Kung Fu (NES) review
"The little guys are midgets clad in green, who do an admirable job of keeping pace with the huggers. The first time you see them, you might think to yourself, ''hey, the huggers brought their kids to work,'' or something like that. At least, that's what I thought. I thought the whole idea of having these little guys involved in the fight was slightly disturbing. Are they child soldiers? Or is the game poking fun at midgets? Who can tell? "
Come gimme a hug if you're into gettin' rubbed
Kung Fu is a riot, and it always has been. It's not one of those games where I play it now and laugh at its primitive presentation. I laughed at it even when it was new. Because it's just that funny.
Your girl has been abducted (naturally), and you've sworn to get her back. This will entail embarking on a five-floor mission of mercy through a temple thingie of sorts. At the end of each of the five floors, there is a boss character to wrestle with (naturally). Your girl is being held captive by the last boss, as he is the guy behind the whole girl-napping scheme (well, it wouldn't be the first boss, now would it?).
Hackneyed story aside, the graphics and gameplay areas are where Kung Fu really shines. Not that the visuals are on a level of Ninja Gaiden 2 or Castlevania III - far from it, and that's the point. Your white-clad kung fu expert hero type walks quickly and stiffly, and his appearance alone ought to elicit some giggles. Where things quickly become riotous is the precise moment the first huggers appear.
Yes, the huggers. The notorious mauve and chalk blue coloured enemies who glide towards you at incredible speeds have only one thing in mind. Arms to the sky and unmoving while their legs cycle furiously within limited animation frames, these Scooby Doo villains want to hug you. And they'll do so until you die. The idea is to not allow them to get close enough to lay that hurting on you. You can punch and jump kick them, but your best bet at dispatching the huggers (and most other foes, really) is to give them straight standing kicks to the face, or ducking kicks to the ankles.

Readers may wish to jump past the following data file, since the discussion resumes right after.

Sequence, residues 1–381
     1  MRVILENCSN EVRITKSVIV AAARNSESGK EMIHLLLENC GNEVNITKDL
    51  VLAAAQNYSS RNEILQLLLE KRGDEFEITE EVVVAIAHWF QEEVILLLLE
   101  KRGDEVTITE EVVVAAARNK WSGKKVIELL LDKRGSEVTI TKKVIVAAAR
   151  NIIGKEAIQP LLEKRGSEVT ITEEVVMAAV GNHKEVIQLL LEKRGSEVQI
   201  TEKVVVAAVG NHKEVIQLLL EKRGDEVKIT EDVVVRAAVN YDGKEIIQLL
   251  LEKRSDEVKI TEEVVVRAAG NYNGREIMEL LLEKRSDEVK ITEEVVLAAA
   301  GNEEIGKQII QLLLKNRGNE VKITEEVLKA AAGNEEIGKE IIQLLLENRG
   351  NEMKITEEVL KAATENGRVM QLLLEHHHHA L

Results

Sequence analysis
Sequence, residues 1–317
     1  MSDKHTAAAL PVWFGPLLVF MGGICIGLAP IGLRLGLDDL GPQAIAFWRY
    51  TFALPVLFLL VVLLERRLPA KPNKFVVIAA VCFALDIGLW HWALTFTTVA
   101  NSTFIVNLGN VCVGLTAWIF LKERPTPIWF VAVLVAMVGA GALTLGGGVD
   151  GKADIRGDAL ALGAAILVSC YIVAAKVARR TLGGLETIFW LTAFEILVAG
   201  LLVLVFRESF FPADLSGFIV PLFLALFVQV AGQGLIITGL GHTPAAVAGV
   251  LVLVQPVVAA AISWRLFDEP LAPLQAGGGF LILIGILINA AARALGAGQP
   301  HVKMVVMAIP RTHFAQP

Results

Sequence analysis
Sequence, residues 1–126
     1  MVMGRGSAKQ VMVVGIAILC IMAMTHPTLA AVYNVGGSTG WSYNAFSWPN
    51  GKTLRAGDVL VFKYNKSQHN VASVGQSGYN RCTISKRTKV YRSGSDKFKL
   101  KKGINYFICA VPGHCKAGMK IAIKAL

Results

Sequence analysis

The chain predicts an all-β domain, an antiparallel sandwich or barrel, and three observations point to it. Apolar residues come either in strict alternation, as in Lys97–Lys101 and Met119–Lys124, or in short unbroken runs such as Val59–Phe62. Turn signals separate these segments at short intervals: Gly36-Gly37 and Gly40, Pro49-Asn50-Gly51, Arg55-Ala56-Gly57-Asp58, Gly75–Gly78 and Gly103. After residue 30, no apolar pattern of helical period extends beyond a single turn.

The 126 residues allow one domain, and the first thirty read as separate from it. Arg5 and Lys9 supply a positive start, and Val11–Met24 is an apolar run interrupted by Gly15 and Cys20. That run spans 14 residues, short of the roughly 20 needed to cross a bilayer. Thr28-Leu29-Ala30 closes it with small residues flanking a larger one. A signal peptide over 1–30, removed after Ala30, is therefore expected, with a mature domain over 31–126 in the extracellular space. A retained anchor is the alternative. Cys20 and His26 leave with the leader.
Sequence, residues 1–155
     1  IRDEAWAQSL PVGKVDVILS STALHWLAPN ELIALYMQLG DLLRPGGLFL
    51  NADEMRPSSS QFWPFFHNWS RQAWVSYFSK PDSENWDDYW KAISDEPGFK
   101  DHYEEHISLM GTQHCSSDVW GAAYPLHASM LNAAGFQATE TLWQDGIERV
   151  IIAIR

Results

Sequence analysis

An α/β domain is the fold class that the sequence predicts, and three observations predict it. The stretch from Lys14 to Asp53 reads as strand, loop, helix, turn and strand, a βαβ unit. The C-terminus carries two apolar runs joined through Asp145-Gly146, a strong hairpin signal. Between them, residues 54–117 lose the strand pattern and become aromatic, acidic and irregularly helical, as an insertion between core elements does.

And that's generally how Kung Fu works. You walk, from right to left, or from left to right, making constant stops to kick in one direction or the other, careful not to let huggers flank you. Of course, there are other foes, some of them even funnier than the mauve and blue. You'll encounter knife tossers, who attack high and low from a distance; snakes, which gleam quickly along the floor; dragons, that appear to breath fire; and best of all, the little guys.
The little guys are midgets clad in green, who do an admirable job of keeping pace with the huggers. The first time you see them, you might think to yourself, ''hey, the huggers brought their kids to work,'' or something like that. At least, that's what I thought. I thought the whole idea of having these little guys involved in the fight was slightly disturbing. Are they child soldiers? Or is the game poking fun at midgets? Who can tell?
In any case, the little guys learn to jump around, and generally make your life miserable later on in the proceedings. But not like the bosses can. The bosses are a force to be reckoned with. The first boss wields a stick (SPOILER!), and is pretty easy to take out. You'll know you are in a boss realm when the 'normal' foes approaching from behind you suddenly turn tail and run. They either want no part of the epic battle about to go down, or they are honorable enough to want a fair fight. Besides the stick man, there is a big black bruiser guy who laughs at you, an old mage who fires, well... magic at you, among other smile-inducing misfits.
During your five-floor misadventures played out with flat, oddly selected hues, an insistent, ultra cool tune will play. The track gets repetitive of course, but as one-track games go, Kung Fu is pretty fun to listen to. The game is quite short - you'll probably clear it in fifteen minutes or so once you master it.
Doing so won't be easy though, not even after years of play, because enemies appear to generate randomly, so that you may find the first level to be a straightforward run and kick exercise one day, and the next day find that the knife throwers have set themselves up to flank you with high and low tosses going on almost simultaneously. Careful play won't always help, because moving too slowly generally means fighting more enemies as they rush in to crowd the screen. Both a degree of reckless bravado, and careful and quick button presses are required for Kung Fu success. Kung Fu is a simplistic platforming exercise sans jumps, which acts as entry exam to Video Game College.
But that's not why we play, is it? No. Play Kung Fu to shake off scores of grown men like dominoes of mauve and powder blue who are determined to hug you; play Kung Fu to trample little green men. Play Kung Fu to be pummeled by guffawing bald, black bruisers; play Kung Fu to speed walk on the spot in sequences where your girl is held captive just beyond your reach and horrid laughter rings mechanically in your ears. Play the king of kitsch - it's a good way to spend hilarious, mindless minutes, and it's a good thing just to say you've played it.
Staff review by Marc Golding (January 03, 2004)
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